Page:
:conf[irm] wqa[ll] [++opt]
:conf[irm] xa[ll]
		Write all changed buffers and exit Vim.  Bring up a prompt
		when some buffers are readonly or cannot be written for
		another reason.  See |:confirm|. {not in Vi}

:wqa[ll]! [++opt]
:xa[ll]!	Write all changed buffers, even the ones that are readonly,
		and exit Vim.  If there are buffers without a file name or
		which cannot be written for another reason, Vim will not quit.
		{not in Vi}

==============================================================================

6. Dialogs						*edit-dialogs*


							*:confirm* *:conf*
:conf[irm] {command}	Execute {command}, and use a dialog when an
			operation has to be confirmed.  Can be used on the
			|:q|, |:qa| and |:w| commands (the latter to override
			a read-only setting), and any other command that can
			fail in such a way, such as |:only|, |:buffer|,
			|:bdelete|, etc.

Examples:
  :confirm w foo
 	Will ask for confirmation when "foo" already exists.
  :confirm q
 	Will ask for confirmation when there are changes.
  :confirm qa
 	If any modified, unsaved buffers exist, you will be prompted to save
	or abandon each one.  There are also choices to "save all" or "abandon
	all".

If you want to always use ":confirm", set the 'confirm' option.


			*:browse* *:bro* *E338* *E614* *E615* *E616* *E578*
:bro[wse] {command}	Open a file selection dialog for an argument to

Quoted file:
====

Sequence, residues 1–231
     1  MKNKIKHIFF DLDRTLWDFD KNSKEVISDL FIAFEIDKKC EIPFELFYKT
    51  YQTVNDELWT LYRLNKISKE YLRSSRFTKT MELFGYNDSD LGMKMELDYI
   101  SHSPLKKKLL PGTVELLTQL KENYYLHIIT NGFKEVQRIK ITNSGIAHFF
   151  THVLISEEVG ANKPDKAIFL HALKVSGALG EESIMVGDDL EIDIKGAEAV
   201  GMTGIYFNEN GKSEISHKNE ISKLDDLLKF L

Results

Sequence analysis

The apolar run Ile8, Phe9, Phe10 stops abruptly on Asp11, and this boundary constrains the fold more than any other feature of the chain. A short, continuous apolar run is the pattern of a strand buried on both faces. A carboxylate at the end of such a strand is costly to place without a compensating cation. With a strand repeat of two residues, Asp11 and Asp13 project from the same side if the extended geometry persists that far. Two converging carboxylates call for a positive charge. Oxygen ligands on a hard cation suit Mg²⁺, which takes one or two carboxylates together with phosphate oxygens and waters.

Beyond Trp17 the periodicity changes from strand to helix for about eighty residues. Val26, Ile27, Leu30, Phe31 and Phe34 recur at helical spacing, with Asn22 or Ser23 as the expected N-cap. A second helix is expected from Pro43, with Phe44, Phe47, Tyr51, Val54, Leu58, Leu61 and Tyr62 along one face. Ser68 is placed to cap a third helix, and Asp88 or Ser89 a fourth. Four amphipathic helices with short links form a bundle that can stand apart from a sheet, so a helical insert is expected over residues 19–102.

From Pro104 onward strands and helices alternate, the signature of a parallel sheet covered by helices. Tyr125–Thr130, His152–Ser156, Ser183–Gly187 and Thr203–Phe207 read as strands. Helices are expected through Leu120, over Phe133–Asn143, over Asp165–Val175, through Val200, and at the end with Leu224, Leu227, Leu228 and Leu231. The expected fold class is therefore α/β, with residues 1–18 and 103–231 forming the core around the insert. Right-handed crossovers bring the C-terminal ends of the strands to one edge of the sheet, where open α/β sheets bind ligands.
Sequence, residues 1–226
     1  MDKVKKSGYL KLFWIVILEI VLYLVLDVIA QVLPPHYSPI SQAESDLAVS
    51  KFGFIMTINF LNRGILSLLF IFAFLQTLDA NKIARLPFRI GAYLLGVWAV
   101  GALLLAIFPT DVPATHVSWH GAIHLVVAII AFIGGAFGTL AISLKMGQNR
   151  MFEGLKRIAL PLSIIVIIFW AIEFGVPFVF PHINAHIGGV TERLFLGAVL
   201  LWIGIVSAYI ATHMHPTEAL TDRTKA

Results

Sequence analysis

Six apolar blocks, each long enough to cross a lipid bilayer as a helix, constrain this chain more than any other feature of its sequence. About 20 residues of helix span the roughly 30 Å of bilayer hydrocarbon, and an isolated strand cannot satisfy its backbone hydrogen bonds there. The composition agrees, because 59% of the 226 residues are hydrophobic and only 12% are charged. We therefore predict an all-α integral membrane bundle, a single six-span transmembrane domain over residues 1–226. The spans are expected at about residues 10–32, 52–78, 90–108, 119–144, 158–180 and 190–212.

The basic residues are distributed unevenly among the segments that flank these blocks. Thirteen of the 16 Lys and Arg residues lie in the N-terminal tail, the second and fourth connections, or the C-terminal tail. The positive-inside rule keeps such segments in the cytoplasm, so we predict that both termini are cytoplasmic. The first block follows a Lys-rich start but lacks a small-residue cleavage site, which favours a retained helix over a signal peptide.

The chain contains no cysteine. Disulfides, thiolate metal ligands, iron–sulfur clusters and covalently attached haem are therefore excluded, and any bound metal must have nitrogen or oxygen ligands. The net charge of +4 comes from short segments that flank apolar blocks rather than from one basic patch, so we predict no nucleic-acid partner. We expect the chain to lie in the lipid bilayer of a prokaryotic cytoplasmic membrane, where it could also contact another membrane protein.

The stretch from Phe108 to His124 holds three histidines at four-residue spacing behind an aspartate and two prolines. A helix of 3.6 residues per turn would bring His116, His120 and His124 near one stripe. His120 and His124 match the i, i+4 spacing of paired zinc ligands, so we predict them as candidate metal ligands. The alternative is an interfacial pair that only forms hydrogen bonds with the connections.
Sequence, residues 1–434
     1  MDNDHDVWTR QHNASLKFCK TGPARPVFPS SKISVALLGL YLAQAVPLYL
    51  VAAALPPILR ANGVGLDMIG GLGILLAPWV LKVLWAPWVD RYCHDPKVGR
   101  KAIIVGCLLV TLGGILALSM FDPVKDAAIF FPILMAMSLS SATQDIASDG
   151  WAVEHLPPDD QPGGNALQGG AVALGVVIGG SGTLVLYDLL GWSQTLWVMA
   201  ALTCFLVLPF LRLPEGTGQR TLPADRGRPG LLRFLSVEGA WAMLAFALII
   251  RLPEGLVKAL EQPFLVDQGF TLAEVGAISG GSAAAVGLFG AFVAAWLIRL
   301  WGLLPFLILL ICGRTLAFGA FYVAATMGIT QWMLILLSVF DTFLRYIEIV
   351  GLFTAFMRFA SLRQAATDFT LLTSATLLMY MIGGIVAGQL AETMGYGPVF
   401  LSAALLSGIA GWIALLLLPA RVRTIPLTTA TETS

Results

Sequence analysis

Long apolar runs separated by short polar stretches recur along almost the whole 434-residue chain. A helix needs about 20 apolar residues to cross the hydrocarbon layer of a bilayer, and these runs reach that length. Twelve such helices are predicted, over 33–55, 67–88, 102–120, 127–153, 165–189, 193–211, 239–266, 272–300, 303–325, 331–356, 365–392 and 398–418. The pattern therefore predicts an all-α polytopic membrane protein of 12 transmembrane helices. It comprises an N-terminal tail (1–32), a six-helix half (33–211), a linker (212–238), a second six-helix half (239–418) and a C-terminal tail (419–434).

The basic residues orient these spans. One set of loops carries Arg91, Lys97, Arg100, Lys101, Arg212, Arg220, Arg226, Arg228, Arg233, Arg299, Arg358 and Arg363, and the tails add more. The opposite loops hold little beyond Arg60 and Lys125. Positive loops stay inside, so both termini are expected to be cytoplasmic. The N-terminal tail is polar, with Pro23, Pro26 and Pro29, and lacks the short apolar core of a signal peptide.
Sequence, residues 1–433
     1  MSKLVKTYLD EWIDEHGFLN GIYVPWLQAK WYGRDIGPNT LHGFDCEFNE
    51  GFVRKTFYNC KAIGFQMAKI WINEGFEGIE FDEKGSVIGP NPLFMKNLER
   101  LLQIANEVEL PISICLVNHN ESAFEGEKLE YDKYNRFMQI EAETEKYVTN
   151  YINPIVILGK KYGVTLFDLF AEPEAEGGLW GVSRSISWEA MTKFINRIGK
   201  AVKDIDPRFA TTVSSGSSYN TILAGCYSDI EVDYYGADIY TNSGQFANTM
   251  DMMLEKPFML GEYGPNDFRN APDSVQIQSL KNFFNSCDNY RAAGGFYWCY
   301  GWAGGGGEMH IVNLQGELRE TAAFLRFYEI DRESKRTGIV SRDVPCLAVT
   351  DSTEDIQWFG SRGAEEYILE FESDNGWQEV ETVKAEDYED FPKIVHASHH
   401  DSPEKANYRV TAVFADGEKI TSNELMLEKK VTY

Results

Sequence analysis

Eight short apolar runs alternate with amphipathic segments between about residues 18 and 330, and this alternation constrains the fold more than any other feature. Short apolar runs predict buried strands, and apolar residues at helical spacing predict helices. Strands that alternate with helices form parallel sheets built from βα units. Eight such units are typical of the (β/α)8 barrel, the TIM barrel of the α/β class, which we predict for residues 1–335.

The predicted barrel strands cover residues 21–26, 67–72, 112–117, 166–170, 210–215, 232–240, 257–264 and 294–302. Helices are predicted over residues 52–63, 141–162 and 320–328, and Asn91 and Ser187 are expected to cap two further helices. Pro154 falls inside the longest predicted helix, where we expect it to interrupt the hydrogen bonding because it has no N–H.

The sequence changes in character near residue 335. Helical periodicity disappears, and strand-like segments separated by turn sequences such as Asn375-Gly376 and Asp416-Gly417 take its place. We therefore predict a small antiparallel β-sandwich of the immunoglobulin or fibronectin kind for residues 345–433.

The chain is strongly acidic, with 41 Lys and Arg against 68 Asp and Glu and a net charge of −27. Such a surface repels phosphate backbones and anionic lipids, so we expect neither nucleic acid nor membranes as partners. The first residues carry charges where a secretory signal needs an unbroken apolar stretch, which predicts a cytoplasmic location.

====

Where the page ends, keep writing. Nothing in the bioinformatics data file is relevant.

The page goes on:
{command}.  At present this works for |:e|, |:w|,
			|:wall|, |:wq|, |:wqall|, |:x|, |:xall|, |:exit|,
			|:view|, |:sview|, |:r|, |:saveas|, |:sp|, |:mkexrc|,
			|:mkvimrc|, |:mksession|, |:mkview|, |:split|,
			|:vsplit|, |:tabe|, |:tabnew|, |:cfile|, |:cgetfile|,
			|:caddfile|, |:lfile|, |:lgetfile|, |:laddfile|,
			|:diffsplit|, |:diffpatch|, |:open|, |:pedit|,
			|:redir|, |:source|, |:update|, |:visual|, |:vsplit|,
			and |:qall| if 'confirm' is set.
			{only in Win32, Athena, Motif, GTK and Mac GUI}
			When ":browse" is not possible you get an error
			message.  If the |+browse| feature is missing or the
			{command} doesn't support browsing, the {command} is
			executed without a dialog.
			":browse set" works like |:options|.
			See also |:oldfiles| for ":browse oldfiles".

The syntax is best shown via some examples:
	:browse e $vim/foo
 		Open the browser in the $vim/foo directory, and edit the